Think small

A single human hair, barely visible to the naked eye, is about 100 microns in diameter.

That’s huge compared to the device components students build in the Microfabrication Laboratory course at the Harvard John A. Paulson School of Engineering and Applied Sciences (SEAS).Under the instruction of Evelyn Hu, Tarr-Coyne Professor of Applied Physics and of Electrical Engineering, and Peter Stark, Visiting Associate Professor in Engineering Sciences, students are learning the “tricks of the trade” that could enable them to eventually form structures 1,000 times smaller than a strand of hair.

Using a specially designed “teaching clean room” that opened in the SEAS Active Learning Labs last spring, students fabricate electronic and photonic devices, such as light-emitting diodes, by developing components that are so small they must be crafted and analyzed with the help of a microscope.

Nabiha Saklayen, a graduate student pursuing a Ph.D. in physics, completes a photolithography workshop in the SEAS teaching clean room. (Photo by Adam Zewe/SEAS Communications.)

Nabiha Saklayen, a graduate student pursuing a Ph.D. in physics, completes a photolithography workshop in the SEAS teaching clean room. (Photo by Adam Zewe/SEAS Communications.)

Microfabrication involves crafting electronic devices in an unusual way: by printing them onto a material, like silicon. The concept of printed integrated circuits led to a Nobel Prize in physics for electrical engineer Jack Kilby in 2000, and also gave rise to the sophistication and complexity of today’s microprocessors, which can contain more than a billion transistors.

“In order to get a billion transistors into an area that is only an inch or so on a side, obviously you can’t just put the pieces together with your hands,” Hu said. “That set of really intricate techniques is what this course is all about.”

As in printing, shrinking the “font size” allows a tremendously greater amount of information to be represented on the same size page. The economic consequences are enormous, although balanced by the challenges of creating ever-smaller components, Hu explained.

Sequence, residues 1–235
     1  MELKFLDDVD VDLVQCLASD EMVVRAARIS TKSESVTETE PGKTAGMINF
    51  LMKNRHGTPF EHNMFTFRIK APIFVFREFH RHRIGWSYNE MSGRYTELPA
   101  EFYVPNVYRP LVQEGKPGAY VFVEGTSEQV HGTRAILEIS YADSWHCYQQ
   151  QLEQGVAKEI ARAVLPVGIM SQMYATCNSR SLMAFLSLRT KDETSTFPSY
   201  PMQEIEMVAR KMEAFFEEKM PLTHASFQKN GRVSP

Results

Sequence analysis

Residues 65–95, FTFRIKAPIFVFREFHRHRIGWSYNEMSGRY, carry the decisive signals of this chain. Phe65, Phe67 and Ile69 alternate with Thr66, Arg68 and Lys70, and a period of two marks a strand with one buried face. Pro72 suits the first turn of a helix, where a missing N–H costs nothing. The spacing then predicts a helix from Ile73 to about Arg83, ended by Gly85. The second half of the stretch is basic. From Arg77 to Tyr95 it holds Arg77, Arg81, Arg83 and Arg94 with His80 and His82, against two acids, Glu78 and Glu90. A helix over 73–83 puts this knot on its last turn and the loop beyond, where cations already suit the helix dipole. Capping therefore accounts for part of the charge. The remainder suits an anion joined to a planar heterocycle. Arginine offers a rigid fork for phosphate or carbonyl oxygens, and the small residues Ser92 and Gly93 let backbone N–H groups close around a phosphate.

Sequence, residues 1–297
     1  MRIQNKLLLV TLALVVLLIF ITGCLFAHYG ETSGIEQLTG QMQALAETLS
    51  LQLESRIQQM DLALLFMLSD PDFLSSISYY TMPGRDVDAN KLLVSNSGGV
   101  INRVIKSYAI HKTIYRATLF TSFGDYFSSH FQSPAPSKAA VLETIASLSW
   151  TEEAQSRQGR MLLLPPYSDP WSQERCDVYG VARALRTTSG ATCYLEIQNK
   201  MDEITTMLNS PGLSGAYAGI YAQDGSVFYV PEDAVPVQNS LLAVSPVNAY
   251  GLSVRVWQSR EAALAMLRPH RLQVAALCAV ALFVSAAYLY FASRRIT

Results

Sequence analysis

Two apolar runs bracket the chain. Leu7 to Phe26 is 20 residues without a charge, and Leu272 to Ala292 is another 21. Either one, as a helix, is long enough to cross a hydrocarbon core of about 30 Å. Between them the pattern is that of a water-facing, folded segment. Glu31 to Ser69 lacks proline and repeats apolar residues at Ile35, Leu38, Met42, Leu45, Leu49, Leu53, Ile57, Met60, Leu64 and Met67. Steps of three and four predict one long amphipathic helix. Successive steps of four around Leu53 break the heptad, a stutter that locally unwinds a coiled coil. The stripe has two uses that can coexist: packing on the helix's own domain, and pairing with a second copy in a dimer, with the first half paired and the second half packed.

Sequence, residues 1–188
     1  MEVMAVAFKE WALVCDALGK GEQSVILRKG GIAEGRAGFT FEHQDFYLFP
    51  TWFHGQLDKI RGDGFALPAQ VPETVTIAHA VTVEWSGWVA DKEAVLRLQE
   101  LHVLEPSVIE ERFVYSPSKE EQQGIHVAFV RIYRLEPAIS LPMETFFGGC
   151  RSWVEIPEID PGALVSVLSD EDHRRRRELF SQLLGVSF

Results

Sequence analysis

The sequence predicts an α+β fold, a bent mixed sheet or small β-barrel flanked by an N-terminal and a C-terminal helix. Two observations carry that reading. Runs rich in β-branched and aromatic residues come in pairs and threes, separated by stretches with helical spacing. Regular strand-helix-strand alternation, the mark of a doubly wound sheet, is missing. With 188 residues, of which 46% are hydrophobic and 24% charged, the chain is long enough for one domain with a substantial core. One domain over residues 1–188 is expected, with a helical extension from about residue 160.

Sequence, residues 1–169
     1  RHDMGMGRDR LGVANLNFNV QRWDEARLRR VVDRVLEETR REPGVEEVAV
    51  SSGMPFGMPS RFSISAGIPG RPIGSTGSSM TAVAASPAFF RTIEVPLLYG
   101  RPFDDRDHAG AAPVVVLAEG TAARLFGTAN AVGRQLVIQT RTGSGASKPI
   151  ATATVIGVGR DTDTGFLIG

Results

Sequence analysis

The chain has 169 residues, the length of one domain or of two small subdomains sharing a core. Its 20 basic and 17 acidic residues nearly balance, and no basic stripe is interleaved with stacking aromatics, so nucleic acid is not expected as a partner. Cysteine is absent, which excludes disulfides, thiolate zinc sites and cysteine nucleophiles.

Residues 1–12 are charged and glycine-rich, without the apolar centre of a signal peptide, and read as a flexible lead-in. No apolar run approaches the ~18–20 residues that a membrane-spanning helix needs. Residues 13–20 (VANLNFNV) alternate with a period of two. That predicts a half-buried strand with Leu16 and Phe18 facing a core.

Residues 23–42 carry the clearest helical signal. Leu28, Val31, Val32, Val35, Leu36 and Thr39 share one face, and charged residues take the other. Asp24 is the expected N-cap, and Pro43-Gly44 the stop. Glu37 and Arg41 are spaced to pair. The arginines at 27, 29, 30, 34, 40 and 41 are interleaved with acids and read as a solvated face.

The SEAS teaching clean room provides a first introduction to these techniques, and experience working at larger dimensions with building-block processes and devices. During one afternoon session, students completed a workshop on photolithography, which is a method for transferring a pattern to a substrate. Working at the micron level, they utilized chemicals and UV light to create a metal structure in a grid pattern. They will use this structure in a subsequent lab to measure the flow of electrons.

The course also enables students to work in Harvard’s Center for Nanoscale Systems (CNS), a shared-used core facility that holds a world-class nanofabrication laboratory. Students benefit from the expertise of CNS staff and the guidance of teaching fellows Sarah Schlotter and Laura Adams.

“The students concentrate not only on the fabrication of small devices, which is the main goal of the course, but also how to extract fundamental physical properties from the devices that they fabricate,” said Adams. “Since the course attracts a wide range of concentrators, we like to engage the students at all levels and disciplines to have a really collaborative experimental class.”

For electrical engineering concentrator Samwell Emmanuel, S.B. ’17, it was fascinating to see the tiny pattern take shape.

“We’re used to working with things that we can manipulate with our hands,” he said. “How do you work with something that you can’t even see with the naked eye? That’s what makes this course so interesting to me.”

Nabiha Saklayen, a graduate student pursuing a Ph.D. in physics, enjoyed the opportunity to learn about the fundamental techniques involved in fabricating the kinds of devices she uses regularly for research.

“We usually buy the devices that we need, so these are techniques that we often don’t think about,” she said. “It is incredible how much goes into actually preparing all these different compounds.”

While Hu doesn’t expect students to leave the course with perfect microfabrication skills, she hopes they develop a deeper appreciation for the inevitable challenges of working at the micron-scale.

“That frustration, and the ability to gain insight and intuition from their failures, is a critical thing for the students in this course. I want them to use the imperfections in their devices as a source of feedback to better understand the process,” she said. “My goal is to open their eyes to a world whose features they can’t see. I hope they learn that these techniques are powerful and that they could give them the capability to solve a problem in a different way.”


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